It’s hard to get my head around the fact that I haven’t worshipped with all of you in person since February 9, 2020. David Anderson had just retired the previous Sunday, Kyna had only been with us for about a month. And I had just decided in early December to head to Malawi to visit my good friend, Masankho Banda.
We were flying home on February 29 and all the airport news, the world’s eyes were on Washington, as the news broke that the new virus—the one that was supposed to “just be like a bad flu” —had claimed its first victim in the US. A noticeably greater number of folks on our planes and in the airport were wearing masks than when we were flying out on February 13.
I made some regrettable snarky remark on Facebook about masks and overreactions… at first I walked it back because I became aware that I had not “read the room” well and realized I’d stepped in a place of deep anxiety for many. I would have no idea, of course, that a year later I’d own a collection of masks for myself and Benjamin; that I would always know where one is or have one on, that I’d feel self-conscious without one when in public.
I took the first days of March off to recover from jetlag and made it into our Wednesday worship meeting. I think we spent more time discussing how we could pass the offering plates than the scripture I was to preach on. That was the last workday at church in 2020. Within 48 hours our congregants with medical and scientific expertise were calling us and strongly recommending we not hold worship in-person that Sunday…which left me about 48 hours to plan and implement our first (and last) online worship from the Sanctuary. If you recall, it was a bit of a fiasco… we forgot about the time delay so while *we* started at 10 am, you were all waiting and wondering what was happening and the sound was awful. Going “live” was frankly pretty terrifying.
I was so grateful for how quickly everyone gathered to put that first service together. For the willingness of everyone to just dive in and do their best. It was the last hug I’d get from Heidi and I’m glad we risked it at the time.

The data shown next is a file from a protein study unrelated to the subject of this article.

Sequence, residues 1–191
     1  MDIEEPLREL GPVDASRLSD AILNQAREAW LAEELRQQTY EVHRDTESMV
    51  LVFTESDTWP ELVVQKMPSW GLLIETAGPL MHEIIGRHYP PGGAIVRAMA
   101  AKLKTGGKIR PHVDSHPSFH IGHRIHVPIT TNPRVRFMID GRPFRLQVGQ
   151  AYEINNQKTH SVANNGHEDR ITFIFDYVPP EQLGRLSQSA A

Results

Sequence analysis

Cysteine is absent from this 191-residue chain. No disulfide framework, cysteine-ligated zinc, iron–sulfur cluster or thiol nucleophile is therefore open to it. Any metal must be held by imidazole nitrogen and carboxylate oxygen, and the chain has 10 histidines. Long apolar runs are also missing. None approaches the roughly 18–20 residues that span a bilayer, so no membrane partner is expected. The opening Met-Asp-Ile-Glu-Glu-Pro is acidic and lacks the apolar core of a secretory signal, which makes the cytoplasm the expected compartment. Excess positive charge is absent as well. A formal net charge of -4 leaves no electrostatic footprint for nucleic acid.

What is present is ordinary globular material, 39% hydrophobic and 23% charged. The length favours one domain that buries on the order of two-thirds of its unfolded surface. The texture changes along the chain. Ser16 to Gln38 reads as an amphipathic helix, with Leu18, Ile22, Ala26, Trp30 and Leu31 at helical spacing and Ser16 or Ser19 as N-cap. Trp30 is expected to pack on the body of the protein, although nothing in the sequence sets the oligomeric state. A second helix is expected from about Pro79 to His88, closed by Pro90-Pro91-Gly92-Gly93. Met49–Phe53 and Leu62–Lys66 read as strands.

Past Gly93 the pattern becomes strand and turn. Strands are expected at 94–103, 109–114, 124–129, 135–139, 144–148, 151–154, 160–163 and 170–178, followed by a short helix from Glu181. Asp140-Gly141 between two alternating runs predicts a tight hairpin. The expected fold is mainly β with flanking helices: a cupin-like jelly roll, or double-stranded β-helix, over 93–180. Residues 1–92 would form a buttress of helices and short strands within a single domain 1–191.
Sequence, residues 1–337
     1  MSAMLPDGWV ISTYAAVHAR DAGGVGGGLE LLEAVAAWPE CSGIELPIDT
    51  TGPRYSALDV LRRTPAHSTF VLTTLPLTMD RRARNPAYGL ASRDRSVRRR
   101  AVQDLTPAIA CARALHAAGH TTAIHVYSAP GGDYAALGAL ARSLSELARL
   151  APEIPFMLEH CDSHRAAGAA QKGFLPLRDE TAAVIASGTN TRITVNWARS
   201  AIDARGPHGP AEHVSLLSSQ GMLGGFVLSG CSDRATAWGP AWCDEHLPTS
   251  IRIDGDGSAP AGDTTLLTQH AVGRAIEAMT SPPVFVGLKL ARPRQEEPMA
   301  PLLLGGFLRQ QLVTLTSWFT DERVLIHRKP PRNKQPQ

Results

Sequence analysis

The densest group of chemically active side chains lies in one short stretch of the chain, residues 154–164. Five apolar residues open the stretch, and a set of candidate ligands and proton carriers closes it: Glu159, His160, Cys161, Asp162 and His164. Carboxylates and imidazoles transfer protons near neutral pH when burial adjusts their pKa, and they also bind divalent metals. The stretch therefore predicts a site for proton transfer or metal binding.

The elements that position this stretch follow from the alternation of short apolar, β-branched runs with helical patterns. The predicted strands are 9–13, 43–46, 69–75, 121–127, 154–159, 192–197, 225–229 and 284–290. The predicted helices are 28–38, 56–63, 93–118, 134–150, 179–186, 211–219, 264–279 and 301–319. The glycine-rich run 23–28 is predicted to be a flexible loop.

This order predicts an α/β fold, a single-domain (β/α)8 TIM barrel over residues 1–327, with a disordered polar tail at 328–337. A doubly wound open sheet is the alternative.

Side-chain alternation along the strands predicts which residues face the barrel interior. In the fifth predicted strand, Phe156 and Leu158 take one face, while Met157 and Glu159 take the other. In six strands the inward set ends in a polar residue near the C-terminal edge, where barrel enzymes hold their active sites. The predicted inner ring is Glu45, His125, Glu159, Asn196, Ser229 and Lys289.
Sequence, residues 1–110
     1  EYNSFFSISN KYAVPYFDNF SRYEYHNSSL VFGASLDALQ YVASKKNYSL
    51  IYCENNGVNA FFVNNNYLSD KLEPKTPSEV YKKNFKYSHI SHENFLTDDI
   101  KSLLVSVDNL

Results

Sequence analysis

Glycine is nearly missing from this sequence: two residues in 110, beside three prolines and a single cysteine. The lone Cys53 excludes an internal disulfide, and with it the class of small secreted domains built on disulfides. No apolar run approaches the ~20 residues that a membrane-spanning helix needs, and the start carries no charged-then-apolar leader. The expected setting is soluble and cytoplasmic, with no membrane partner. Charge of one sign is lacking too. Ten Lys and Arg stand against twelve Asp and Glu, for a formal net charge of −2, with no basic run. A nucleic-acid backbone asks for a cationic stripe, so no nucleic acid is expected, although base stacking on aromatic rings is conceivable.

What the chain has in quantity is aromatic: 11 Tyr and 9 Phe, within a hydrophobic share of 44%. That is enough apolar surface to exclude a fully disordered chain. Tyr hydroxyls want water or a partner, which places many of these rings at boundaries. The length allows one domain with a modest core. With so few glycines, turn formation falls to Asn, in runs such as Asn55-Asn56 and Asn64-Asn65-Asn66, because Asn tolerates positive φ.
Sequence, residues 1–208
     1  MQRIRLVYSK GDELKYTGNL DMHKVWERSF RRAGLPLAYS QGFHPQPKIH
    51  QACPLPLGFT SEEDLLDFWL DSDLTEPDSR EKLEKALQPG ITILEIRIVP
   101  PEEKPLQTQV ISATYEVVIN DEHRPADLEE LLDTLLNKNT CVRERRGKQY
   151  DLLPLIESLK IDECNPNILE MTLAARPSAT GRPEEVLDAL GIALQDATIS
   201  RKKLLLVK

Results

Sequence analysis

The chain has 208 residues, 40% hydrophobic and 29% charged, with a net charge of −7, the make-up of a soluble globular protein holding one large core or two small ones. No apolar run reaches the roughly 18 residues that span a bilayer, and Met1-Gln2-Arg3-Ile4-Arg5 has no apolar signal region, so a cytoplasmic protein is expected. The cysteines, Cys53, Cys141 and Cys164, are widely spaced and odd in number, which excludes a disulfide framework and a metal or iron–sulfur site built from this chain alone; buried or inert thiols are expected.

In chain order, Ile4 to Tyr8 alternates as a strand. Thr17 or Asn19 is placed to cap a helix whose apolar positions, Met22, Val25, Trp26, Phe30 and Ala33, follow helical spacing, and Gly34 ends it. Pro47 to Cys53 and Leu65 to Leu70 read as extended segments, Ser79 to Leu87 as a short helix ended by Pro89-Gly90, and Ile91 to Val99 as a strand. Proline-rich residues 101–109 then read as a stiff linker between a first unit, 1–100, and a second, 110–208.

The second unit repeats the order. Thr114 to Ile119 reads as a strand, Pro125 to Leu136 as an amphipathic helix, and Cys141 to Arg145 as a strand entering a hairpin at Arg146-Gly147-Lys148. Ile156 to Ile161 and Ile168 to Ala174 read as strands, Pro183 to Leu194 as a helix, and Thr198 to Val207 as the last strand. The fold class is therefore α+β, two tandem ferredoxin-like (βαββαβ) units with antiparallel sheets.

I had only the slightest idea of what I was doing as I’d been avoiding “Facebook Live” for some time. So I called the only videographer I knew and asked if he’d be willing to come help us out. Thank goodness for a congregation with a virologist, an epidemiologist, a professor of nursing, and a videographer… who knew that particular combination would ever be so handy?
After the second Sunday morning live fiasco at Catherine’s farm… more sound issues, internet issues, power issues… Trent and I looked at each other and said, “You know, if we just gave up on doing this live we could actually put together something pretty good.”
Heidi had her doubts. What could this even look like? Trent, as always, was up for anything I could think of. I quickly assigned Catherine and Todd to get comfortable recording themselves and uploading files… good thing I’d always wanted to be a director/producer!
But week after week, what I am left with after a year of doing this… is that you all keep showing up. The choir is still gathering, We had over 150 participant-contributors to the Christmas Eve services. There is an average of 50-100 files involved in each weekly service now. With an average weekly view count of 804. And that’s you. All of you. Showing up. And sharing in God’s love. What a gift it is to be in this with all of you. To be church with you.